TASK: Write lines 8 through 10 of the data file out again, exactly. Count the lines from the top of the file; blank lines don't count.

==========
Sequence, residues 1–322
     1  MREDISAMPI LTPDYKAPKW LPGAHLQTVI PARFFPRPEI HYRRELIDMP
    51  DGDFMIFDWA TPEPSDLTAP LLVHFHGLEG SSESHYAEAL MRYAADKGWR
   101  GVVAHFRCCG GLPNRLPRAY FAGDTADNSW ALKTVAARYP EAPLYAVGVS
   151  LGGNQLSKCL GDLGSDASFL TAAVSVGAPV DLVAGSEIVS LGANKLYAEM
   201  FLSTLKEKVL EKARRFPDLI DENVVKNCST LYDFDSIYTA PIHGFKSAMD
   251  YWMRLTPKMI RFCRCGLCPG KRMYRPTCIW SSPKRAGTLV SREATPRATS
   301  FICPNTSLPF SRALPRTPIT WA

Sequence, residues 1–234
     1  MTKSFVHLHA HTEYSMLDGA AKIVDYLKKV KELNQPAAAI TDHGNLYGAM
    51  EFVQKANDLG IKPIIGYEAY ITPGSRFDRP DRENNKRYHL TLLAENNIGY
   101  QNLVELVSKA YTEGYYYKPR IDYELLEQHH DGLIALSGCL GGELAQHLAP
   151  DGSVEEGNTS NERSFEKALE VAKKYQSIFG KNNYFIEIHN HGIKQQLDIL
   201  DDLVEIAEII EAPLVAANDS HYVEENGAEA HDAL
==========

   301  FICPNTSLPF SRALPRTPIT WA

Sequence, residues 1–234
     1  MTKSFVHLHA HTEYSMLDGA AKIVDYLKKV KELNQPAAAI TDHGNLYGAM